Brock's witty response is to steal from Pacino's 1975 Epic, DOG DAY AFTERNOON.

BROCK

ATTICA! ATTICA! ATTICA! ATTICA! ATTICA! ATTICA! ATTICA! ATTICA! ATTICA! ATTICA!

ATTICA! ATTICA! ATTICA! REMEMBER ATTICA???!!!!

The guard shoves the cuffed Brock out the door, resulting in an unintended head butt to the far wall, rendering Brock unconscious and seeing stars....

But not the ones posing for selfies and signing autographs.

THE END.

A Brock's Monkey Production

Robin Gregory

"Brock screams like a screenwriter wannabe with no concrete credits to his name." Hilarious! Brooock-brock-brock-brock-brock... That's the sound of a cage full of thoroughly entertained hens.

Dustin Quinteros

I've seen OWA's where maybe 1 or 2 go through. I've seen others where 5 or 6 get through. It varies and you have to consider that at least a small percentage don't fit the minimum posted criteria. That being said, Stage32 "Moder" is very quick to post those scripts that make it to that next round, including the OWA #.

Richard Buzzell

"You possess an uncanny ability that pushed my team to turn several pages." Am I mistaken or is this line some kind of satirical commentary?

Bill Brock

Robin Gregory Hahahahahhaah! Thanks, Robin. Yeah, man. Just having some fun here! : )

Bill Brock

Richard Buzzell Hey Rich? It's all 100% satirical. It's my brand of humor at DefCon 5!! Kinda shocked that you had to ask. I mean, come on? I'm beaten to a pulp by a Rent-a-Cop security guard. Plan on formatting it correctly through Final Draft, then making it an official post... for the greater good.... or for the fairly okay.... or for.... just me.

Maurice Vaughan

Haha Bill Brock. Wasn't expecting that.

Anthony Murphy

Robin Gregory $35 x 10 is a pretty good pay for a 2 1/2 hour workday, even after S32 takes its cut. And the strike revealed how low industry salaries can be, so $35 to listen to an eight minute pitch probably sounds pretty good to many of them. I'd like to hang a shingle and do it.

Robin Gregory

I hear you, Anthony Murphy. Even if they're not really shopping for projects, they can give useful feedback, and keep the lights on.

Bill Brock

Maurice Vaughan Neither was I, Maurice. Just intended to jot down a few fun lines and the damn thing took on a life of its own. Wish the Stage 32 system could have formatted it better, but you can't have everything. I must admit that I had a total blast writing it. : )

Bill Brock

Anthony Murphy $3500 for 2.5 hours of listening to clapping seals with keyboards push their toilet paper scripts?!! Screw writing. From this day forward, I'm a tone-deaf executive who plans to multitask "CALL OF DUTY" on mute, while enduring scribes chewing my ear off during eight minute increments.

Dan MaxXx

Whats disappointing is zero replies by Stage 32 management, zero comments ever by pay to pitch solicitors. There's like 10+ daily Moderators; not sure why this site needs so many.

Maurice Vaughan

Hey, Dan MaxXx. There are a lot of Moderators because there are so many people on Stage 32. And some of the Moderators have expertise about certain things, so if one Moderator doesn't know something (say about filmmaking), another Moderator might know.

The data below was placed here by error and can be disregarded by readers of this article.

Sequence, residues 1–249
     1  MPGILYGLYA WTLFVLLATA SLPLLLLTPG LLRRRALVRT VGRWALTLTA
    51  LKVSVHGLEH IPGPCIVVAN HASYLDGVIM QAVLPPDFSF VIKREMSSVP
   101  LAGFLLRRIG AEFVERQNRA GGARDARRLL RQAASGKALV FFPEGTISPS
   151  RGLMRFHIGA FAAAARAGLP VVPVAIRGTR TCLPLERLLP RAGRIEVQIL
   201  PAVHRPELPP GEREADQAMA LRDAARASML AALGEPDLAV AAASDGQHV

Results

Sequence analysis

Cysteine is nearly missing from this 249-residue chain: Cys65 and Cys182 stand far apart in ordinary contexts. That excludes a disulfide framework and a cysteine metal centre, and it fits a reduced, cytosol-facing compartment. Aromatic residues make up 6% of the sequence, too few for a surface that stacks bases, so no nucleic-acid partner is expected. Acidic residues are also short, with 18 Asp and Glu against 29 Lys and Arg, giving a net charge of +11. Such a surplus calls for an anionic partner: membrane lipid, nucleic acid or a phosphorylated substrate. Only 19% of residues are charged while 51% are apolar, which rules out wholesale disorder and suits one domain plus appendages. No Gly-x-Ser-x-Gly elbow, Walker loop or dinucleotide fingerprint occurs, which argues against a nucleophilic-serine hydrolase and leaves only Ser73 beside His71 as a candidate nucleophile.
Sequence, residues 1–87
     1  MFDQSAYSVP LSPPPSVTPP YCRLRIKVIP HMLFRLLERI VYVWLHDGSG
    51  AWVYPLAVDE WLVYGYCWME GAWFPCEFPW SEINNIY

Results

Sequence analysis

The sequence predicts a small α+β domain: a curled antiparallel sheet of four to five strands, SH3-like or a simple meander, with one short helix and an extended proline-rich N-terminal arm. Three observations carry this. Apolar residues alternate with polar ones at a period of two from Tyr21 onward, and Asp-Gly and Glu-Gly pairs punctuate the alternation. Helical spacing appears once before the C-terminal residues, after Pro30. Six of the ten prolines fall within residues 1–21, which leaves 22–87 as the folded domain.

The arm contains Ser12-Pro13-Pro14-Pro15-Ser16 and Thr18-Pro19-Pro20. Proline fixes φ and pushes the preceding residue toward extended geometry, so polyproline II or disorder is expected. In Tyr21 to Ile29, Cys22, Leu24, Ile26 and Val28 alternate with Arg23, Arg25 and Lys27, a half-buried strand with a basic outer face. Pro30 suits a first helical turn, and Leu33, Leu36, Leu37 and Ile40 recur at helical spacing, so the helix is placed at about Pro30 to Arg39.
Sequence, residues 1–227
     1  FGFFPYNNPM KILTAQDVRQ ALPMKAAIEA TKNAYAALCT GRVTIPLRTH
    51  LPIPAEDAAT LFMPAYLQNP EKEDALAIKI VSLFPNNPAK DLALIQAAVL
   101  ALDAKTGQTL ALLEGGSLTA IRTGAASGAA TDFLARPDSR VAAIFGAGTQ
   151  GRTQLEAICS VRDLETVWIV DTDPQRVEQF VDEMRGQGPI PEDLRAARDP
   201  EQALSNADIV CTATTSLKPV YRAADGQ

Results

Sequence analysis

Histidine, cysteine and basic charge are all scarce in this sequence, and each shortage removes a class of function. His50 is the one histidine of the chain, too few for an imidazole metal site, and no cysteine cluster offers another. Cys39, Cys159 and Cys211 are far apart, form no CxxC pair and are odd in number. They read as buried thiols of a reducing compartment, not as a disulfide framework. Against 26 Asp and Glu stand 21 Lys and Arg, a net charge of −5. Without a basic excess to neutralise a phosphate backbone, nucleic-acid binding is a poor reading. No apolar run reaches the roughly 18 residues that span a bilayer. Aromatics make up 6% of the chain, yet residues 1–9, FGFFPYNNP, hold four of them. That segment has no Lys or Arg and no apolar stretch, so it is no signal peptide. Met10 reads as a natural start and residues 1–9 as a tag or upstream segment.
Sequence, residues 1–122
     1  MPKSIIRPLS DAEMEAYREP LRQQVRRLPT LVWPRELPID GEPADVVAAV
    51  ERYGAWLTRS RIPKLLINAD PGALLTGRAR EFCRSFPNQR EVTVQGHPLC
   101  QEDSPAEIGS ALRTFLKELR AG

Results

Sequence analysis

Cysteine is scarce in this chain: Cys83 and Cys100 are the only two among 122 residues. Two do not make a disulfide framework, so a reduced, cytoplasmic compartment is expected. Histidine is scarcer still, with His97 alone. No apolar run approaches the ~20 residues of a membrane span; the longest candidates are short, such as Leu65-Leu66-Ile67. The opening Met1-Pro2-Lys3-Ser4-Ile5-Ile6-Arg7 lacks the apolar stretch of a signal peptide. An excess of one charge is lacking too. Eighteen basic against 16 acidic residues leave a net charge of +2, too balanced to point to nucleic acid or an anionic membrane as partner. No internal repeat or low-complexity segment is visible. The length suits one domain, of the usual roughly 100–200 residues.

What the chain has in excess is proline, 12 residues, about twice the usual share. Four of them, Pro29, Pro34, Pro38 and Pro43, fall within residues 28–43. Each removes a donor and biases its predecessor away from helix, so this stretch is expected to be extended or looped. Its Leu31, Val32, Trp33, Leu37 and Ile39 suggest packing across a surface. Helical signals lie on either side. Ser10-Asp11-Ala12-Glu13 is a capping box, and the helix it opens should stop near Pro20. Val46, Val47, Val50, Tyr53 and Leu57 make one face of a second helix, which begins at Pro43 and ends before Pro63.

Emily J

Hey everyone! Lots here to be covered and unfortunately, the person who oversees OWAs is out of the office this week, so I don't have most of these numbers. I'll share what I can and what I do know as I prefer to be as transparent and upfront with our members as I can --

I don't have a number for the rate of meetings/options/etc. for OWAs, pitches, or any of our other services. But as always, you can see the success stories that people are comfortable sharing here (there are a number that have happened since I've been here that have asked to not be highlighted for privacy) -- https://www.stage32.com/scriptservices/success-stories

The number of submissions for OWAs varies wildly, and I unfortunately don't have a range I can give you. But for the person who guessed we have 1500 members for the Writers' Room, we have a MUCH larger number of members than that.

In terms of why you're not getting feedback on why a script wasn't chosen for an OWA -- Laurie's description of the OWAs on Stage 32 is fair. One big difference between an OWA and a screenwriting contest on Stage 32 is that a contest is open to any script in that genre/category and you're being judged against the other scripts submitted. With an OWA, you're first and foremost being judged on how well your script fits the specific kind of script that the company behind the OWA is looking for. Some comps/tones/specific genres are harder to nail than others. After that, it's a matter of who is best within the pool we have.

I know I didn't answer all of the points brought up, but I hope this at least helps. As always, you can email me at success@stage32.com and myself and the team will try to respond as best as we can as soon as we can. :)

Richard Buzzell

I'm waiting for Bill Brock to weigh in on these new numbers revealed by Emily indicating way more than 1500 WR members. Would a high member count lend itself to a low repeat winner count? There are at least a dozen members who have been selected four or more times during the last five months.

Bill Brock

Richard Buzzell I can't "weigh in" until my original short script, OPEN WRITING ASSIGNMENTS, is sold and they request a sequel. Meh, it's the nature of the business. No Big Whoop.

Niki H